An opening line can make or break a movie, but sometimes a clunker shouldn't be held against an otherwise sweet, well-observed picture. Shari Springer Berman and Robert Pulcini's Ten Thousand Saints starts with a dud: "I've heard people say that life is like a river, and we're all just tiny minnows struggling through the freeze, the thaw, and the flow." But once that minnow business is out of the way, this adaptation of Eleanor Henderson's 2011 novel starts gaining quiet momentum.
Jude (Asa Butterfield) is a hippie kid growing up in Vermont, having been raised mostly by his mom (Julianne Nicholson): His charming but irresponsible dad, Les (Ethan Hawke), took off years ago to start a new life in New York as a pot dealer. After Jude's best friend, Teddy (Avan Jogia), dies of a drug overdose, Jude moves to the city to live with his dad, and begins an unsteady friendship with sophisticated, enigmatic Eliza (Hailee Steinfeld), whom he feels is the strongest remaining link to his lost friend. The complication -- or, rather, one of many complications in this story about tangled family relationships -- is that Eliza is Les's sort-of stepdaughter.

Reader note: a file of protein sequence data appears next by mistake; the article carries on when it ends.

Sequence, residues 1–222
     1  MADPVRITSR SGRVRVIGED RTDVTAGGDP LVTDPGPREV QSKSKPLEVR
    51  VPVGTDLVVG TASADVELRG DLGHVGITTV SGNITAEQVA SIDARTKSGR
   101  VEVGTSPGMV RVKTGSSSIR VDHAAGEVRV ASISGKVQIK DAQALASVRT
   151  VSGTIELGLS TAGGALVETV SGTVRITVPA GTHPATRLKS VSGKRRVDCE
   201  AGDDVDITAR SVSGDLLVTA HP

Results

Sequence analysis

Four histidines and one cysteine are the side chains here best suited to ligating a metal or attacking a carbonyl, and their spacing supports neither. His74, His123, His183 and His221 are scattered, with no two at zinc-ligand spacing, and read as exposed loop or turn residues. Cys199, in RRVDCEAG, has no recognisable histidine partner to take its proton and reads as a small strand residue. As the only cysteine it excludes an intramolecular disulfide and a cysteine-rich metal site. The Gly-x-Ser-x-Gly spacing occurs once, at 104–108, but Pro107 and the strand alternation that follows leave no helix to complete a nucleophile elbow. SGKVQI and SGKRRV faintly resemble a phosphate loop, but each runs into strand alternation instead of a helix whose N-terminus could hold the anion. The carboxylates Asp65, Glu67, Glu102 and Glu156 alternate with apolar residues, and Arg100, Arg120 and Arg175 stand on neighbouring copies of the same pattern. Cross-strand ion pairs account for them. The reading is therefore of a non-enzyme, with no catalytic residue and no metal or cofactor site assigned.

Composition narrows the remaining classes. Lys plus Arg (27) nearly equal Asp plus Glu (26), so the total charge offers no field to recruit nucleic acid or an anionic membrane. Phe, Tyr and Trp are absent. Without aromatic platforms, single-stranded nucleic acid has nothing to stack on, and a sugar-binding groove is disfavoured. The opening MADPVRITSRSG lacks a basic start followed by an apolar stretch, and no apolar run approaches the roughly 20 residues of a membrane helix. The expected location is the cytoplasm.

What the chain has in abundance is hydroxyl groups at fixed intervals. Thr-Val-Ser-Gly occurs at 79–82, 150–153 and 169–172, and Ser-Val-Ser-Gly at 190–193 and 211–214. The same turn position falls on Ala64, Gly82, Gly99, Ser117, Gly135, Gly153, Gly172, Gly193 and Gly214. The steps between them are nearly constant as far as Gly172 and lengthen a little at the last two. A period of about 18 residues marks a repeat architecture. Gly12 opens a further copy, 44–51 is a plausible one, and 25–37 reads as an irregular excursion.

There's a lot going on, and because there are so many family-relationship arrows pointing every which way, some of the interpersonal connections aren't as vivid as they could be. Still, the movie has a lilting, generous spirit: Springer Berman and Pulcini, the filmmaking team behind the 2003 American Splendor, have a feel for human eccentricities and weaknesses, and they know how to draw the best from their casts. Steinfeld is lovely, and sometimes heartrending, and Hawke becomes a better actor with each passing year.